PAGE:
[Monday, September 29, 5:00pm, Eaton Humanities 1B80] Lecture: “LBJ, Al Gore Sr., and the World” by Tony Badger, Mellon Professor of History and Master of Clare College, Cambridge. Professor Badger completed his undergraduate and masters degrees at Cambridge and taught for 20 years at Newcastle University before returning to Cambridge as Paul Mellon Professor in 1992. He is a specialist in post-World War II US Southern political history. His most recent book, FDR: The First Hundred Days, was described by Prime Minister Gordon Brown as “a classic example of how a work of history can illuminate the issues we’re dealing with today.” He was the Andrew Mellon Visiting Professor at Tulane University from January to May 2000. Among his books on modern US history are The New Deal: The Depression Years, 1933-1940 and New Deal/New South. He is currently writing a biography of Albert Gore Sr, father of former vice-president Al Gore. Sponsored by Department of History. Contact: history@colorado.edu or 303-492-6683.

[Tuesday, September 30, 6:30pm VAC 1B20] Visiting Artist Lecture Series: Sun Hao is one of China’s most recent up and coming brush painters. After graduating from Lumei Art University, he went on to study at Central Academy of Fine Arts Painting Department in Beijing. These studies gave him a solid foundation of traditional ink and brush painting from which he has embraced his own personal style. No longer succumbing to the traditions of revolutionary slogans or theme first, Sun Hao combines his ink with freedom and personal expression as he ponders the material, shape and the harmony of blending the two. His most recent work focuses on meditation and imagination as he gathers strength and courage to express thorough the tension of the ink. Sun Hao will be painting in the lobby of the VAC on either October 1st or 2nd (contact Valerie Albicker for confirmation of date). Sponsored by the Visiting Artist Program. For further information, please contact valerie.albicker@colorado.edu, 303-492-2539.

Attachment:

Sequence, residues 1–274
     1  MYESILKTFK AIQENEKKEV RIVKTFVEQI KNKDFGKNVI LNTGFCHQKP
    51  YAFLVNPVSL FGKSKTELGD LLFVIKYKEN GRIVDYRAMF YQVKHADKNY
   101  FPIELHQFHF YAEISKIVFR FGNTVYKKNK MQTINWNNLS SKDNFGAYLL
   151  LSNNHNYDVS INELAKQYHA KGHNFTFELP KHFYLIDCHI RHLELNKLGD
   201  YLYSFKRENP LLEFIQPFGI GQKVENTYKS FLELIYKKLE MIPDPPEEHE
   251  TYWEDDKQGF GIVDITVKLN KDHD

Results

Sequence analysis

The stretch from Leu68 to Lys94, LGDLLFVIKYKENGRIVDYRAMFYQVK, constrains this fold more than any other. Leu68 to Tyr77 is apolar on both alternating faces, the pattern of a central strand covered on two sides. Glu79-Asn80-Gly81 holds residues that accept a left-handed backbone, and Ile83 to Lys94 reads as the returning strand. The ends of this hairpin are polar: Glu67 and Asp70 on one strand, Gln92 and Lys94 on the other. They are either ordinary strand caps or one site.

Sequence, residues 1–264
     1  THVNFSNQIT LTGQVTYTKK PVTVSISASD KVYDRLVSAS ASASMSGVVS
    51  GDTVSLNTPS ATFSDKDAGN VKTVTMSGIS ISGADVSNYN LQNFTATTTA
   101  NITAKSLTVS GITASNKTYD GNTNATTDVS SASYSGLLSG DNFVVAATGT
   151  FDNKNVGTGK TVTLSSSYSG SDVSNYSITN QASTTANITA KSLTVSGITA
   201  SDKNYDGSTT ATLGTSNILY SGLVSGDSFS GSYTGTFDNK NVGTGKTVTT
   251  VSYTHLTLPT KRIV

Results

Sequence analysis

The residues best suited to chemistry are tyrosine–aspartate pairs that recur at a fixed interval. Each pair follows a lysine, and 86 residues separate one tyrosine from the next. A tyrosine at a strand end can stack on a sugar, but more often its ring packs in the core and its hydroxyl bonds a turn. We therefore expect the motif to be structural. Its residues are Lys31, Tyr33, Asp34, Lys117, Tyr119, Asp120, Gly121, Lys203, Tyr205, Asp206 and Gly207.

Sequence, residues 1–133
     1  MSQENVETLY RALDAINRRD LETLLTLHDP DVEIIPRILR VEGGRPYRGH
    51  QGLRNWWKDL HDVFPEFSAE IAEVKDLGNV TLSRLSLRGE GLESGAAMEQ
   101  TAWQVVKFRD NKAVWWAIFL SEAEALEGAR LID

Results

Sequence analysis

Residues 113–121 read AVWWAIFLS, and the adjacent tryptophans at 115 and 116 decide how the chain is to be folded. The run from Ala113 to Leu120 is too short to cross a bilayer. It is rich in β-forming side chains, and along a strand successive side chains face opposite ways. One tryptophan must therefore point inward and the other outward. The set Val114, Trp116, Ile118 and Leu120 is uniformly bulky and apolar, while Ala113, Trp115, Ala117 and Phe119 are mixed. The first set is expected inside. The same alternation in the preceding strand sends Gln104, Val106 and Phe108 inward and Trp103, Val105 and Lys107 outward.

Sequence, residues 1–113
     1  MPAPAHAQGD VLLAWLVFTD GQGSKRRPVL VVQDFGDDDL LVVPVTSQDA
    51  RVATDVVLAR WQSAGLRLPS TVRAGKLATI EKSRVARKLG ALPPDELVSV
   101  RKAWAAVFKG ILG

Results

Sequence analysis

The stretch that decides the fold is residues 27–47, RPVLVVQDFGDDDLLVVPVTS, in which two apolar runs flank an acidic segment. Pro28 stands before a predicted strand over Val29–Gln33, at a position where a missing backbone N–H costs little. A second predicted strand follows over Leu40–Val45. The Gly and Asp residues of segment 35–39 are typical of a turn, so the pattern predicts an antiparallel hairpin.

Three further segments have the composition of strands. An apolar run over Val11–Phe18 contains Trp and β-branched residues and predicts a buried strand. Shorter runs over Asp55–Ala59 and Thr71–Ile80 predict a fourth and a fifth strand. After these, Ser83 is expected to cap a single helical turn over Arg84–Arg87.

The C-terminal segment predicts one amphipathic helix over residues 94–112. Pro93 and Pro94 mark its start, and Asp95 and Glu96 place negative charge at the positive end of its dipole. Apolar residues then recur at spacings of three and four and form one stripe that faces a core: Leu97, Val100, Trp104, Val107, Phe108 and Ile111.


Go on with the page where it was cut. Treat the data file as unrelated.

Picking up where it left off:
October 2014

[Wednesday October 1, 3:30pm CU Art Museum, 4:30pm Norlin Library 3rd floor NW, 5:00pm British Studies (5th floor of Norlin Library] The preservation and transmission of Buddhist texts from Tibet is the focus of a series of free and open-to-the-public events and exhibits beginning Wed Oct 1 on the CU-Boulder campus, in conjunction with the Tsadra Foundation's conference on "Translation and Transmission" in Keystone, Colorado on Oct 2-5, 2014. At 5 p.m. on Wed Oct 1 on the 5th floor of Norlin Library, Andrew Quintman of Yale University will present "The Making of Milarepa: Reading and Writing the Life of Tibet's Great Saint." Prior to the lecture, a reception hosted by the CU Art Museum in its lobby at 3:30 p.m. opens a special exhibit of paintings by the Lhasa artist Gade on the theme of "pecha" or traditional Tibetan texts. Also prior to the lecture, starting at 4:30 p.m. on the Norlin Library third floor northwest, tours will be available of the multi-media exhibit, "Opening the Tibetan Treasury of Knowledge: Textual Transmission and Cultural Preservation." The display includes woodblock carvings of The Treasury of Knowledge, which is among texts gifted by the Tsadra Foundation to the CU-Boulder Libraries. Sponsored by Center for Asian Studies, Department of Religious Studies, University Libraries, and CU Art Museum. More information at http://cas.colorado.edu/events/making-milarepa-reading-and-writing-life-tibets-great-saint or contact Megan Welsh, 303-492-5136.

[Wednesday, October 1, 5:00 p.m., British Studies (5th floor of Norlin Library)] CAS Speaker Series: "The Making of Milarepa: Reading and Writing the Life of Tibet's Great Saint," by Andrew Quintman of Yale University. He will explore the extraordinary life story of Yogin Milarepa composed by Madman Tsangnyön Heruka, tracing its historical formation, changing narrative voices, and enduring legacy across the region, as this story inspired new forms of religious literature across the Himalayan world, new styles of artistic production, and new traditions of spiritual practice. In time, the Madman’s version of the Yogin’s life would become Tibet’s most famous book. Sponsored by the Center for Asian Studies. For further information, please contact casevent@colorado.edu, 303-735-5122.